Good idea but poorly implemented... I can't see the system catching on...
I did wonder that myself Jerry. I dunno though; some Dainese sponsored riders may do, more from pressure from Dainese mind you. You know, to prove the technology. Randy De Puniet would be a good rider to test them I reckonBuzzwagon said:Racers won't use them due to the increased weight.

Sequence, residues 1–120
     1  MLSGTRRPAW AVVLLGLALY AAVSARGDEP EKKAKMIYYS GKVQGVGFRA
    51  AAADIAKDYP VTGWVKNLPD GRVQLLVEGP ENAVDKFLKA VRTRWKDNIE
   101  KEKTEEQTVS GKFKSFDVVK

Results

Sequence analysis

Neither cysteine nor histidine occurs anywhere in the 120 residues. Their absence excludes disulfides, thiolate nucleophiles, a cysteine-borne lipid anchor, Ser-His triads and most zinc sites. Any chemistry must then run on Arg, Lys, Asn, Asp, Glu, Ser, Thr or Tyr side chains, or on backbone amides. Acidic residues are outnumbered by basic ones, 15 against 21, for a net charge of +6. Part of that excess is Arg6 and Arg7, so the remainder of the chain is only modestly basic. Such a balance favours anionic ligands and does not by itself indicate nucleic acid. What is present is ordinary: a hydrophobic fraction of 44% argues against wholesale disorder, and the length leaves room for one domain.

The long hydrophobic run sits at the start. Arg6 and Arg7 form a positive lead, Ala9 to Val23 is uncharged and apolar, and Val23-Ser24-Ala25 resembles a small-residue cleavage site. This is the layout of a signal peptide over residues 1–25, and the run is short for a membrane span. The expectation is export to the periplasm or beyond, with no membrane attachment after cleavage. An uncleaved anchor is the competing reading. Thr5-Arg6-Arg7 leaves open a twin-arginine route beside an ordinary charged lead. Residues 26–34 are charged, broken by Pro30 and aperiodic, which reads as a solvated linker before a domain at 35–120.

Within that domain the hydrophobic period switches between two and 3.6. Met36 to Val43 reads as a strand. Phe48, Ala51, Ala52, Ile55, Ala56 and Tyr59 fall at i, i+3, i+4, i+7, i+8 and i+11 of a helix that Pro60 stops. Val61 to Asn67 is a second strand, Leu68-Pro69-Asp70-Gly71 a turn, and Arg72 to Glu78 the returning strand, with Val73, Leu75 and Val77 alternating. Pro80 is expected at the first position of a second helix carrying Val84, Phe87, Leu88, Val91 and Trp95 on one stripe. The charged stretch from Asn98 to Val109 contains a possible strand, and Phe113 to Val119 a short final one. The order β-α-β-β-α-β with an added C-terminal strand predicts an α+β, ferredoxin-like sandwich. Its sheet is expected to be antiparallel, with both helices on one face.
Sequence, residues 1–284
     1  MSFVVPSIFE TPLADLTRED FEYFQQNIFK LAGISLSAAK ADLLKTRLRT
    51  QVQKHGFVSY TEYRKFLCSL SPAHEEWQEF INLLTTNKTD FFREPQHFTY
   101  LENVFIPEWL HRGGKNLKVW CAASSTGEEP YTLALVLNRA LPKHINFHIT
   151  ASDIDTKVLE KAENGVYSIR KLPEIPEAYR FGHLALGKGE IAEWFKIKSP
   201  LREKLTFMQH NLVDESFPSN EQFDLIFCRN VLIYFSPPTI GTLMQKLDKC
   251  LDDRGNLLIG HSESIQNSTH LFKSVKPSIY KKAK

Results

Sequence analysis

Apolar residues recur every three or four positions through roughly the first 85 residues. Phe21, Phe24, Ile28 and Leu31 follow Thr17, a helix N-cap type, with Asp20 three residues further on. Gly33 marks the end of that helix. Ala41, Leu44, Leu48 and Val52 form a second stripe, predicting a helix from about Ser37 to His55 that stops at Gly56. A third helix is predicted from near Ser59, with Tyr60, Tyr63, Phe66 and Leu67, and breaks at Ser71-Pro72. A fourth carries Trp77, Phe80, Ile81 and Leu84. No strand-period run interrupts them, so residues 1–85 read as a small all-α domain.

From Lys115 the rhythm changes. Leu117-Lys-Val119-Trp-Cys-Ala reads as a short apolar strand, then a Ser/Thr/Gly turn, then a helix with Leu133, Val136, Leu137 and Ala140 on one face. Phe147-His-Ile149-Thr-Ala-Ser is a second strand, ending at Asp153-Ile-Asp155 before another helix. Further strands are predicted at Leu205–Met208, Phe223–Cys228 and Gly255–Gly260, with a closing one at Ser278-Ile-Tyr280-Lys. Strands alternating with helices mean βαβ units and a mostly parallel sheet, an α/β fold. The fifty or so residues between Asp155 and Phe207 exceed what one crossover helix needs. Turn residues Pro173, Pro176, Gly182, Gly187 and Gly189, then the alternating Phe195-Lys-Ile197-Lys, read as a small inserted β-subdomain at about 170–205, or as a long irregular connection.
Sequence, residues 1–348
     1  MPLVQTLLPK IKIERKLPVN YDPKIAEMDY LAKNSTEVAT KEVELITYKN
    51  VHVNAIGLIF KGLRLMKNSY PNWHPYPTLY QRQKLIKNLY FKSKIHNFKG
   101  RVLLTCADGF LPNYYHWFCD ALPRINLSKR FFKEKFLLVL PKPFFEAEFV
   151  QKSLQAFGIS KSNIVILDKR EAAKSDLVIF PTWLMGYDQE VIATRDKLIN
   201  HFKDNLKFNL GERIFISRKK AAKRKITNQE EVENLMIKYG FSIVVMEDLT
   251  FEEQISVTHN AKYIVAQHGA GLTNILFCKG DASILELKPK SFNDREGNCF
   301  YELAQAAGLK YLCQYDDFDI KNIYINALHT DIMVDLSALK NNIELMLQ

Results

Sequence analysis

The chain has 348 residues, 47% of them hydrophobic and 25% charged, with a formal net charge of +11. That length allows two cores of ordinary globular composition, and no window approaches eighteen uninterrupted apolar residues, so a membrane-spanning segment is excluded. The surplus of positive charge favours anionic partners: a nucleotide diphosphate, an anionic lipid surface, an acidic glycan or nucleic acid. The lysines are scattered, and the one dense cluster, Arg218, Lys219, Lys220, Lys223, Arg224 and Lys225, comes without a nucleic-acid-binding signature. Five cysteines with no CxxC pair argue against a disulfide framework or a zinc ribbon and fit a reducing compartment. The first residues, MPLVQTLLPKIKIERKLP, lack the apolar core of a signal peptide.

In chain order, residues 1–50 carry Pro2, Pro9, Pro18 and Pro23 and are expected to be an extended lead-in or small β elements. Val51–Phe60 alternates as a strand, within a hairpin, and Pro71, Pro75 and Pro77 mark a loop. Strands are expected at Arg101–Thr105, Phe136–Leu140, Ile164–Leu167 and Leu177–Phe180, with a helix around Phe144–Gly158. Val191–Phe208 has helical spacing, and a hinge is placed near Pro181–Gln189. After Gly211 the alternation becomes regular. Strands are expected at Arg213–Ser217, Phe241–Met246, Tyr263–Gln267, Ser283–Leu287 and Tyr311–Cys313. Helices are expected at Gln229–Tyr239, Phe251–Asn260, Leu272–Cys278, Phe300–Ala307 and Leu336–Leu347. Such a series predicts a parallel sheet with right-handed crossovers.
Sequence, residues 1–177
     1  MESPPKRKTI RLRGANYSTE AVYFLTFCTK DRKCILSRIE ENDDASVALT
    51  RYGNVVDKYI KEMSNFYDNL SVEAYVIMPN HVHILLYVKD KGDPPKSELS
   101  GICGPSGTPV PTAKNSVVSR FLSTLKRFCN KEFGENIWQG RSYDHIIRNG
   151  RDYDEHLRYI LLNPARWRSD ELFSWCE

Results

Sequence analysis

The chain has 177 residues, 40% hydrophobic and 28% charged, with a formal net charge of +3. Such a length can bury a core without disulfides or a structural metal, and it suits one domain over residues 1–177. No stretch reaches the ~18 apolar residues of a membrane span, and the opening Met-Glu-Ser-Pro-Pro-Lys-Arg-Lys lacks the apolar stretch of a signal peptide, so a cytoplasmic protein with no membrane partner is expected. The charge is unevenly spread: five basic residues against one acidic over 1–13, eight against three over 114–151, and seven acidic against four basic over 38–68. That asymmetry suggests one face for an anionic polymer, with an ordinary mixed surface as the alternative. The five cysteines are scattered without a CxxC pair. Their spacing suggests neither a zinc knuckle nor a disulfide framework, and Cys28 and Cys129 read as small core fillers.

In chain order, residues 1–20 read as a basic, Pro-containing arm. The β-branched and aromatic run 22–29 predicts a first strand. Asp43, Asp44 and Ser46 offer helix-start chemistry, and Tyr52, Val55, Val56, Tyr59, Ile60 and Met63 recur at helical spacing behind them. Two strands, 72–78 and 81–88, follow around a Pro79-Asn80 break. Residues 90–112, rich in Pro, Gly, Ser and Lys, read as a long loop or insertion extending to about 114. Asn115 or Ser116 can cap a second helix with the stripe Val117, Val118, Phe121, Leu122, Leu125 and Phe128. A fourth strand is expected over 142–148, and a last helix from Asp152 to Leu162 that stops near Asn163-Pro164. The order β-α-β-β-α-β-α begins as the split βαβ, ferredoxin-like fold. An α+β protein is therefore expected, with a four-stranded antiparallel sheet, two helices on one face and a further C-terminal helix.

Yes but these devices will only be any good for normal tumbles at speed, but will they really protect someone hiting lamposts, barriers (cheese grater barriers) at speed etc. Its not the cause of the accident that is the issue like you say but what actually causes the injuries. I also think that these could actually cause other injuries which until true testing is carried out will show. I am infavour of making it safer to ride but cautious of what it can protect. I do not like the way the BBC has been getting national attention of these devices and the way it is showing a rider in a controlled accident then stating how this will save lives. Its to little in a larger scheme of things. What we need is to see full statistics of how each rider died. And then look whether this would have benifieted in each case.Antnee said:Pel, the way I look at it the reasons for accidents are irrelevant. being able to protect yourself as much as possible (if you want to) is good in my book. As I understood it though there are no cords to attach to the bike; the Dainese one detects a sudden change in speed/direction (ie hitting the floor) and deploys, theoretically before your bonce touches down. I bought the Dainese jacket with the neck brace in a couple of years ago because I felt it could be useful and now when I wear a jacket that doesn't have it in I feel considerably less safe